Given the rapid and intense changes occurring throughout South Asia, South East Asia, and East Asia, it is important to look at the impacts of all of the major causes of air pollution emissions. This includes both large and stable urban sources, newly formed and rapidly changing urban sources, intense fires due to land-use change, and linear-combinations of the above. Since all of these underlying causes have different physical and chemical properties, their impacts on the atmospheric lifetime, height, and hence long-range transport are not always the same. However, by using a unified inverse-modeling approach, a less biased profile is found. Furthermore, the end results are found to match very well against measurements from additional sources, even without the need for arbitrary scaling. The model is shown to match both the mean, and the variability of measurements, across multiple years, including under both normal and El-Nino conditions.
A preliminary examination of the results show that there are three significant findings. First, that there is a smaller amount of transported pollutants from urban sources in Asia to the global scale. Second, there is an increase in the amount of pollutants transported from urban areas in South Asia and Southeast Asia to other locations within Asia. Third, that there is an increase in fire sources and in the total amount transported, both within Asia and from Asia to the rest of the Northern Hemisphere. These factors are not only based on changes in the emissions, but also on dynamics and other non-linear physical processes occurring on both small and global scales.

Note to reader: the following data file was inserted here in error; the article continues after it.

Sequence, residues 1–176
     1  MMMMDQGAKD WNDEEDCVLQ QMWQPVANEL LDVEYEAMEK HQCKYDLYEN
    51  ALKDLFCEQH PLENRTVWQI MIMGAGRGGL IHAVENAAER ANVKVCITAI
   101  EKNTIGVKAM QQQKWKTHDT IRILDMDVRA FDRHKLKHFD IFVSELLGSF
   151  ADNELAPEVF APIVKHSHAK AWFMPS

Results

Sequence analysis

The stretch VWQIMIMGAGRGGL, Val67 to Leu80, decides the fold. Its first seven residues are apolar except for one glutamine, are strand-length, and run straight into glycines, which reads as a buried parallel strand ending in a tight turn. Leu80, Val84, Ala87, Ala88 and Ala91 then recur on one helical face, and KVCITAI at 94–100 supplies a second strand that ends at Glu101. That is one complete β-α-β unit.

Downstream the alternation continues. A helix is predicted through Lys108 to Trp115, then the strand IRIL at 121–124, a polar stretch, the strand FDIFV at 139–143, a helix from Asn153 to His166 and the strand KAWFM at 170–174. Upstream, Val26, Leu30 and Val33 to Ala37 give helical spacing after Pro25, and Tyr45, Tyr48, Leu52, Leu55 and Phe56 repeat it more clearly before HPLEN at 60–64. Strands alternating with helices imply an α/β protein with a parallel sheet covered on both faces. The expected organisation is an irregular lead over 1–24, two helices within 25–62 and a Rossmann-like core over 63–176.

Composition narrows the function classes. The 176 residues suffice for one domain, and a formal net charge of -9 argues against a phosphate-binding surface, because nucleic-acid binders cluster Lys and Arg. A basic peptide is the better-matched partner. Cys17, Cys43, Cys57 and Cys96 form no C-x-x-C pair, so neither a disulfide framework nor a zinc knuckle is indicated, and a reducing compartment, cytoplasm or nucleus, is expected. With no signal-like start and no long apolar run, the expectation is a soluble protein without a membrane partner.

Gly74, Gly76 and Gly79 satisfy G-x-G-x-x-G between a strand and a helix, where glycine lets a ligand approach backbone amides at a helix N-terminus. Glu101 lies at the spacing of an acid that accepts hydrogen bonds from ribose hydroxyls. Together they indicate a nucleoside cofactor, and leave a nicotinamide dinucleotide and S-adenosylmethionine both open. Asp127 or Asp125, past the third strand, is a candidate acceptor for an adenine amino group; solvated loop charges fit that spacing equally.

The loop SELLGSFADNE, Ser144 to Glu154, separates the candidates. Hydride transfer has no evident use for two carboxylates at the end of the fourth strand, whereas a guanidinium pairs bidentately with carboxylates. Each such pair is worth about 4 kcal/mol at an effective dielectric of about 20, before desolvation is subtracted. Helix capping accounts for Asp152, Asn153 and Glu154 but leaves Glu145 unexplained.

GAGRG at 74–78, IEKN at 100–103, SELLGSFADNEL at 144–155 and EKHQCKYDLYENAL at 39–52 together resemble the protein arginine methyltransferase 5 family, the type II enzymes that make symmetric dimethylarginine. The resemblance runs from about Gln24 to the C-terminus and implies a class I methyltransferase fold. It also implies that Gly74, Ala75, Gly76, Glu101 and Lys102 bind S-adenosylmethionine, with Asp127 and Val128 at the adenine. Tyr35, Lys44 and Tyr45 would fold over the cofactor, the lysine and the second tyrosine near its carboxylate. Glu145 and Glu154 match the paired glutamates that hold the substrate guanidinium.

The results also reveal an interesting way to move forward. The goal of being able to reproduce and understand the correct mean of the amount of mass transported long-range, may not be the best way to proceed. In fact, the model runs that most closely capture the annual mean, do far worse in capturing the extreme events, including those which lead to the transport of the vast majority of the pollution both within Asia, and from Asia to the rest of the Northern Hemisphere. This is likely due to the more extreme events being in part hard to reproduce due to atypical sources, as well as non-linear atmospheric in-situ chemical and physical processing. Hence, a method which allows us to better reproduce the extremes, may lead to an overall better ability to understand long range transport, and its impacts, especially when it is the seasonal extremes that have the largest impact on the people. The ability to differentiate local and long-range sources is also of importance in Asia, where the vast majority of countries are still developing, and are hence free to set or alter their air pollution and climate policies more readily, leading to a greater opportunity to form a best-case approach to mitigating air pollution. It is hoped that the approach provided here can help us to make critical decisions about total sources and impacts.